For the learners, digitalisation powered flexibility, adaptability, and personalisation make learning a joyful enterprise, in both online and traditional classroom learning, says Raghavendra P Tiwari
The US Education Secretary in the 1960s, John Gardner, once wondered, can we be equal and excellent at the same time. Since then, co-existential frames of access, equity, quality and affordability in education have been widely debated. Such an all-encompassing education system needs to ensure access to quality education to all knowledge seekers at their doorstep and at an affordable cost for creating a large pool of effective learners endowed with domain knowledge, soft and hard skills and the ability to communicate across cultures, time and space. The student community, especially in India, is a heterogeneous group with a great diversity of needs and requires a variety of formats of learning, pace, style choices of learning, and other associated forms of flexibility.
Information and Communication Technology (ICT) can help us a great deal in this regard as it is fast emerging as an enabler for bringing innovative disruptions in higher education and is creating new narratives of learning. Technological advancement in the modern world is so fast and relevant that higher education institutions (HEIs) that are unable to make use of technological disruptions in higher education to equip themselves to embrace the changes happening in the teaching and learning processes will lose their relevance.
Digitalisation of higher education is a crucial factor in this context as it helps create responsive administration, multidisciplinary curriculum, appropriate pedagogies (experiential learning) and real-time performance evaluation in commensuration with learning outcomes, effective communication, inter-connectedness, seamless availability of e-learning resources even in remotest rural areas, innovations and entrepreneurship, and collaboration and outreach. Moreover, digitalisation will help those learners who cannot be in the classroom and those who are differently-abled.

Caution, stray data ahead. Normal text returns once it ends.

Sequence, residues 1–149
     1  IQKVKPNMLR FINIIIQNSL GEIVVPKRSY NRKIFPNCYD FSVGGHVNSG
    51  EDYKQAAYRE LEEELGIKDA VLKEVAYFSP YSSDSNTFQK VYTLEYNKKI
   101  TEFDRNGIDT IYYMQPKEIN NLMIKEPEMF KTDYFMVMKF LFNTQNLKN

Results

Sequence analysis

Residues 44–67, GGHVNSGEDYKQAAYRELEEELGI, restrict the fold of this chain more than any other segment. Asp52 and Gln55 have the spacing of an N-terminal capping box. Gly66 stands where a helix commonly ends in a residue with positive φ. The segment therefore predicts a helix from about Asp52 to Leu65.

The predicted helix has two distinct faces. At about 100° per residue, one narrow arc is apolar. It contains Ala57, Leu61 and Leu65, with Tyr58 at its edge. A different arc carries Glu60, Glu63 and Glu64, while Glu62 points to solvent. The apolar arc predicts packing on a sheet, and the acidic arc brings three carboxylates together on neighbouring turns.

Digitalisation in Indian higher education began with the production of quality e-contents and courseware by Electronic and Multimedia Resource Centres (EMRC) under Consortium for Educational Communication and their dissemination through 24x7 Vyas higher Education TV channel and thirty-two SWAYAMPRABHA DTH channels. This digitalisation process has been accelerated during the last decade by the Ministry of Education through several initiatives related to access to online courses, quality digital academic content, academic research, and institutional administrative practices.
For online courses and access to online content, Massive Open Online Courses through SWAYAM platform, National Programme on Technology Enhanced Learning, e-PG Pathshala (curriculum-based interactive e-contents), e-Acharya (a portal to host all e-contents developed through projects under NME-ICT), FOSSE (Free/Libre and Open Source Software for Education) and SAKSHAT (a one-stop education portal) are available.
e-Shodh Sindhu (Consortia for higher education e-resources), e-ShodhGangotri (a digital repository of thesis and dissertations), Shodh Shudhhi (plagiarism detection software), National Digital Library (a digital repository of vast academic content) are databases and tools made available to further academic research.
Similarly, to facilitate skill development and innovation through virtual learning environment in science, engineering, technology and design development, e-Yantra (labs for training in embedded systems), e-Kalpa (digital learning environment for design), Virtual Labs (Web-enabled experiments designed for remote – operation), Spoken Tutorial (Tutorials in IT application), SOS Tools (software and simulation packages), Text Transcription of Video Contents, OSCAR (Open Source Courseware’s Animation Repository) are available. Additionally, VIDWAN (a digital database of experts), is made available to promote expertise sharing and collaboration among academics and institutions.